Hey, remember how everyone was begging for a movie based on those toy trolls from the ’90s? Yeah, me neither. Even in this age of nostalgia, those dumb dolls with the big hair haven’t made a comeback. Nevertheless, someone in the bowels of Fox decided that we all actually wanted a troll doll movie. In fact, we wanted it so badly that only a $120 million CGI musical extravaganza could possibly satiate our thirst for troll entertainment.
Here’s the story, such as it is: In a far-off fairy tale land, there are these magical little trolls with big hair that contain their powers. They’re the sweetest and purest damn creatures that you’ll ever lay eyes on and are soooooooo cute. Unfortunately, there’s also a gruesome kingdom of ogres who feast on trolls as their only form of happiness. Years ago, the trolls escaped the ogres by planting fake wooden troll dolls that look awfully familiar. Now the trolls live in an idyllic space of happiness with group hugs every few hours, constant outpourings of song, and even hippie-dippy philosophy courtesy of a Russell Brand troll.
Princess Poppy (Anna Kendrick) leads them all in a life of happiness, except for one bitter troll who refuses to sing (Justin Timberlake… hmmm, I wonder if he’ll be won over and sing?) and is convinced that the ogres will return one day. You know what? He’s right. It happens. Trolls are kidnapped to be eaten and only Kendrick and Timberlake can save them. To do so, they’ll need to play matchmaker between a childish King Ogre (Christopher Mintz-Plasse) and a ‘Cinderella’-style scullery maid ogre (Zooey Deschanel). Sure, why not?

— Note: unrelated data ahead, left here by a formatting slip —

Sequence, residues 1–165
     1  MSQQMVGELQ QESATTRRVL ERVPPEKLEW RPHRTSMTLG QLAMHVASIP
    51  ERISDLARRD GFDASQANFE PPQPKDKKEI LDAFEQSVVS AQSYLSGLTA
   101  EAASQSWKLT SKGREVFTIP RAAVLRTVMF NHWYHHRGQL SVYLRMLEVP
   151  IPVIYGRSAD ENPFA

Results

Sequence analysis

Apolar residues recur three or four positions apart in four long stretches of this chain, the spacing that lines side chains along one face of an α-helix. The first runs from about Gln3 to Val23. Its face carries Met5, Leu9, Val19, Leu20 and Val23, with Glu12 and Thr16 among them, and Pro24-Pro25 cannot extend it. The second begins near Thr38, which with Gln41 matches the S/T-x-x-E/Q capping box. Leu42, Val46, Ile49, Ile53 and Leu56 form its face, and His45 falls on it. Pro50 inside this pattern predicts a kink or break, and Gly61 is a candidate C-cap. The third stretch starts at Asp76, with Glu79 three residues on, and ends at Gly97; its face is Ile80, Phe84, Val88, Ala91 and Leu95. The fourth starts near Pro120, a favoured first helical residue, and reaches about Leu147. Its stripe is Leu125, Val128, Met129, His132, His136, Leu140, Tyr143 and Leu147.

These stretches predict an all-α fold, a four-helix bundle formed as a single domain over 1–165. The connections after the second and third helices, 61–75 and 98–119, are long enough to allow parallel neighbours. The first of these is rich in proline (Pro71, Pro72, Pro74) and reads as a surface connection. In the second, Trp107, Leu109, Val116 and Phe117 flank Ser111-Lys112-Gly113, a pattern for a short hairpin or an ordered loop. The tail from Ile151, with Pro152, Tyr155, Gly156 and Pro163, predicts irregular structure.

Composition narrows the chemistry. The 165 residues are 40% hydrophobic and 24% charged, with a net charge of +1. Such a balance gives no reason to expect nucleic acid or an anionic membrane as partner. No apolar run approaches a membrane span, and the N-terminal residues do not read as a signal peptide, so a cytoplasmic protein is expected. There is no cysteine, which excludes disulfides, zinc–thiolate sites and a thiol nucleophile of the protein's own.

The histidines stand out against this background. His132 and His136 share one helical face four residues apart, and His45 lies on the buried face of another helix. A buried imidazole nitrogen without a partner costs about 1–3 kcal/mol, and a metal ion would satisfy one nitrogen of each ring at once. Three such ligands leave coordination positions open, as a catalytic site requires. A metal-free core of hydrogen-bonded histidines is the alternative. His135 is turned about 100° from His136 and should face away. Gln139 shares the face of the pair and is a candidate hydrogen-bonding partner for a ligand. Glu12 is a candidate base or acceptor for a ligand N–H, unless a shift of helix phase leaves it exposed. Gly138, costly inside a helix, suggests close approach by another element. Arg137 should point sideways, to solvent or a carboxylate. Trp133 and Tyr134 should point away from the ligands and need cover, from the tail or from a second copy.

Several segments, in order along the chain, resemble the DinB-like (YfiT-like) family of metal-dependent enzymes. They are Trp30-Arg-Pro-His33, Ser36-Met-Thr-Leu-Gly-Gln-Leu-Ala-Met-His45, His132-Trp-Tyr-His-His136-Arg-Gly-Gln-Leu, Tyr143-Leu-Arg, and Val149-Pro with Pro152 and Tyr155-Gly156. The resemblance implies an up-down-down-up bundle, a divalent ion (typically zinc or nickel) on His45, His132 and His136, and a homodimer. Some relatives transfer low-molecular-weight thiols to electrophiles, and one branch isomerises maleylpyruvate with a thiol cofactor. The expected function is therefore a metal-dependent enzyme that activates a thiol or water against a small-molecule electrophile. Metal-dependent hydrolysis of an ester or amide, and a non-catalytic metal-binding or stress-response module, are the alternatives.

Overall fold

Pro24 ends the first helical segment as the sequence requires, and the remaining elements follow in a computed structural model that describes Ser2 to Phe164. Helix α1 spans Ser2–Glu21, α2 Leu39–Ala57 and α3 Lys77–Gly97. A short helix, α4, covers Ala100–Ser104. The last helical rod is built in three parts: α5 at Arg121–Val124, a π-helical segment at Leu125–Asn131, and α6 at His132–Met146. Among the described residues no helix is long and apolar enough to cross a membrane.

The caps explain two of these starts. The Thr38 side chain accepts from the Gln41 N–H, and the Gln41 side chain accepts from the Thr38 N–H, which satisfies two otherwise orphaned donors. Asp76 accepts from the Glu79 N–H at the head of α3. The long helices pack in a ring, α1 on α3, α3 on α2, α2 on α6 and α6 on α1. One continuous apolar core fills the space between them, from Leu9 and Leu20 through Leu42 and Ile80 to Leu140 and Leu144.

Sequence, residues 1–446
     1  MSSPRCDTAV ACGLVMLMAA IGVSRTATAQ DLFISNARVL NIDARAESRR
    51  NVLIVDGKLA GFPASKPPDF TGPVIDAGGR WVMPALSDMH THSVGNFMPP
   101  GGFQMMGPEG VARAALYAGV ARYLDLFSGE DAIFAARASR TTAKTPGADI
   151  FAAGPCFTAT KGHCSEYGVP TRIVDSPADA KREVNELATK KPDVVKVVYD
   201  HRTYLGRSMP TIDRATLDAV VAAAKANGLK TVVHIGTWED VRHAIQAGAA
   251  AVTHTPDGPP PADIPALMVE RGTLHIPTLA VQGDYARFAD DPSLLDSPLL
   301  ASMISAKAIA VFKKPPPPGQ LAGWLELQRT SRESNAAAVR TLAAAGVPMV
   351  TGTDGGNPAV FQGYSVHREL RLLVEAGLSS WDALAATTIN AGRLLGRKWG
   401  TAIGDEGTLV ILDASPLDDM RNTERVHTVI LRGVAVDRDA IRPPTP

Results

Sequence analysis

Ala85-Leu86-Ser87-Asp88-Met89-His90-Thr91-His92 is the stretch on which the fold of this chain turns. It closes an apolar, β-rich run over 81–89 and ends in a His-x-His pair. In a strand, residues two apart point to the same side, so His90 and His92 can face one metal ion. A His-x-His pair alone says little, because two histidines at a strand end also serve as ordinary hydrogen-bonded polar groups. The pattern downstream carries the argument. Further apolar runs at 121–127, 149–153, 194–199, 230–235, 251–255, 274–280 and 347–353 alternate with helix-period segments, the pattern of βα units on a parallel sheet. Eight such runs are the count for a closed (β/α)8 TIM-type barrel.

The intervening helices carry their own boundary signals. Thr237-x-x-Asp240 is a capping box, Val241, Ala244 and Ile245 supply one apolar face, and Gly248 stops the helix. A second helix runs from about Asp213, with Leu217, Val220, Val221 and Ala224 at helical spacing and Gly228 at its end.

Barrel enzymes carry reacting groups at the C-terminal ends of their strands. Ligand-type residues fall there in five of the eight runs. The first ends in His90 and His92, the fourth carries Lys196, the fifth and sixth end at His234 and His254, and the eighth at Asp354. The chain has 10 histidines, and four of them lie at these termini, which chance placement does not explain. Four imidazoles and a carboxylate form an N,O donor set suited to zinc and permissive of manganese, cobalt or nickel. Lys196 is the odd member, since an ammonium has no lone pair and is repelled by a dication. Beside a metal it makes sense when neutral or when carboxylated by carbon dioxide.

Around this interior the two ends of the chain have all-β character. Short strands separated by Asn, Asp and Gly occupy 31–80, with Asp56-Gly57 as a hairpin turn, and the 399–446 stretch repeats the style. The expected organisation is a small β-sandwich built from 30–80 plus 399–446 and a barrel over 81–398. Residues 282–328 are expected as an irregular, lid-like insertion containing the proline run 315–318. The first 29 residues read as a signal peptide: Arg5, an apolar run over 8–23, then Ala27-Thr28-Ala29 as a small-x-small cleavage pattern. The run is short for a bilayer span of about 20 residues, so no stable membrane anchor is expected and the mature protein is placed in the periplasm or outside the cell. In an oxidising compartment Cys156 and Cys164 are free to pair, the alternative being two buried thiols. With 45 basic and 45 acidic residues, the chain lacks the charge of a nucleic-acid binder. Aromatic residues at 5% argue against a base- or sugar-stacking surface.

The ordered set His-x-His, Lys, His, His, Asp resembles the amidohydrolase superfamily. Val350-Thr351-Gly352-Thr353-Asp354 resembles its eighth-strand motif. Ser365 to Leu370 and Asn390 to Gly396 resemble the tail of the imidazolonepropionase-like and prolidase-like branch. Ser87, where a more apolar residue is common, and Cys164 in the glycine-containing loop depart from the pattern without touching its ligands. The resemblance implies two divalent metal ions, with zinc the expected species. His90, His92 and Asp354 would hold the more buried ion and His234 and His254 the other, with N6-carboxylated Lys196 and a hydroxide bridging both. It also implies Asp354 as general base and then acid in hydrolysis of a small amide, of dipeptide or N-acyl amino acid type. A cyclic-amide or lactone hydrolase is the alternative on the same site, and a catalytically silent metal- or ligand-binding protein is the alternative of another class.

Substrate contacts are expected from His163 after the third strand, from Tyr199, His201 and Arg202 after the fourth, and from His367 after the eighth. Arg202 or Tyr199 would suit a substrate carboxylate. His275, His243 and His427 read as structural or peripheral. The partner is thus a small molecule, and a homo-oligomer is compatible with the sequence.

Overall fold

This is a pretty simple family CGI feature that sticks rigidly to the increasingly predictable formula of these movies. You want some ‘Shrek’-style satirical jabs at fairy tales? You got lots of them. I’ll bet you were hoping for celebrity voices? Get ready for all the stars the studio could afford. How about some gentle action that’s never too scary or exciting? Here it comes! Maybe a collection of jukebox pop songs to hum all the way home? Plenty. A few jokes that will fly over kids’ heads and keep parents awake? Oh yeah, they’re here. How about an impossibly happy ending with no real danger? It’s built right in!
As much as all those conventions work like comfort food, they’re endlessly recycled in these sorts of CGI family blockbusters. The fact that this particular collection of those clichés is based on a 1990s toy fad that you kind of remember doesn’t make it any better.
There are no surprises whatsoever in ‘Trolls’. It feels like a paint-by-numbers Troll coloring book brought to life. However, the eye candy is pretty, the performances are amusing, and just enough jokes hit for this to not feel like a waste of time. It’s fine. In fact, ‘Trolls’ could very well be the dictionary definition of a mediocre CGI family feature, provided that dictionaries started using feature length movies as definitions.
In other words, it could be worse. There have been weaker entries in the endless CGI family film cycle already this year and there will be many more to come in the foreseeable future. If you like using these sorts movies as an expensive babysitter with popcorn, the good news is that you likely won’t hate ‘Trolls’ as much as you’d expect. The bad news is that your memory likely won’t be able to distinguish what happened in this movie and what happened in the last ‘Shrek’ sequel within 15 minutes after leaving the theater. Don’t expect much and you’ll be fine. Fortunately, this is the ‘Trolls’ movie, so high expectations for anyone who graduated grade school are impossible.